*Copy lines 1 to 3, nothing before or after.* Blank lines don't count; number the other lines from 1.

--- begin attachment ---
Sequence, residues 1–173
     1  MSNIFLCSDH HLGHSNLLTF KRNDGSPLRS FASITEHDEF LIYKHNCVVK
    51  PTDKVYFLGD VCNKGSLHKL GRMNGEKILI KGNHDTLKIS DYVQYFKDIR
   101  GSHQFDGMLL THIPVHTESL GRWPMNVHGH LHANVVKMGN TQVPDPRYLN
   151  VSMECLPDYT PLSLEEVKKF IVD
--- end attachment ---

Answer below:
Sequence, residues 1–173
     1  MSNIFLCSDH HLGHSNLLTF KRNDGSPLRS FASITEHDEF LIYKHNCVVK
    51  PTDKVYFLGD VCNKGSLHKL GRMNGEKILI KGNHDTLKIS DYVQYFKDIR